Marine Appeals Death Sentence, Alleges Racism
A military appeals court was asked today to overturn the death sentence of a Marine in a racially tinged case. Accused of killing his platoon commander and the commander’s wife, he faces the first military execution in 29 years.
Lance Cpl. Ronnie Curtis, who is black, contends racial taunts drove him to kill Lt. James Lotz and Lotz’s wife, Joan, on April 13, 1987.
Curtis, who confessed to a state trooper and to investigators, was sentenced to death after being convicted of the slayings in a military trial. He is being held at Ft. Leavenworth, Kan.
His case is seen by attorneys on both sides as a test of the military death penalty. Among the many intervenors is the NAACP Legal Defense and Educational Fund, which said his 1987 court-martial was tainted by racial bias.
Three civilian judges of the U.S. Court of Military Appeals were asked by Curtis’ attorneys during oral arguments today to overturn his sentence on the ground that the military death penalty mechanism is unconstitutional.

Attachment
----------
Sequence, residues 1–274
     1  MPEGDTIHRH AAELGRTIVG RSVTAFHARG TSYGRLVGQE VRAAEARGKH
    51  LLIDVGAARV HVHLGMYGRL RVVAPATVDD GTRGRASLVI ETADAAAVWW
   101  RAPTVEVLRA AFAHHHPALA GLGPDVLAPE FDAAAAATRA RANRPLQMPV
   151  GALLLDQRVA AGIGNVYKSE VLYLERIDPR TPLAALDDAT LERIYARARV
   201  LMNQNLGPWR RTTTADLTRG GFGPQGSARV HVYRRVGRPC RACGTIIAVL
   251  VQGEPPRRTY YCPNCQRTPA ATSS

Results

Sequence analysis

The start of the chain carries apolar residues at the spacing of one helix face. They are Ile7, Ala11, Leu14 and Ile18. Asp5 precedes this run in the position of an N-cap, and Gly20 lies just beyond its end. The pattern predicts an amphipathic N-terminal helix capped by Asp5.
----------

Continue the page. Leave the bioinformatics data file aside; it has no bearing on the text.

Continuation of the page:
Curtis was sentenced by a nine-member military panel, even though all states with death penalties require 12-member sentencing juries in capital cases.
A military panel found Curtis, then 21, guilty of fatally stabbing Lotz, a Scranton, Pa., native who was his section officer at Camp Lejeune, N.C. Curtis also was found guilty of stabbing Lotz’s wife and sexually abusing her as she lay dying in her home.
Military attorneys appointed for Curtis said in appeal papers that Lotz antagonized Curtis by imitating what he believed were black mannerisms and by calling Curtis “Be-bop” and “Shoo-be-do.”
“The relation between Pvt. Curtis and Lt. Lotz took on a dynamic like that which existed between a slave and his master,” the legal arm of the National Assn. for the Advancement of Colored People said in an amicus brief.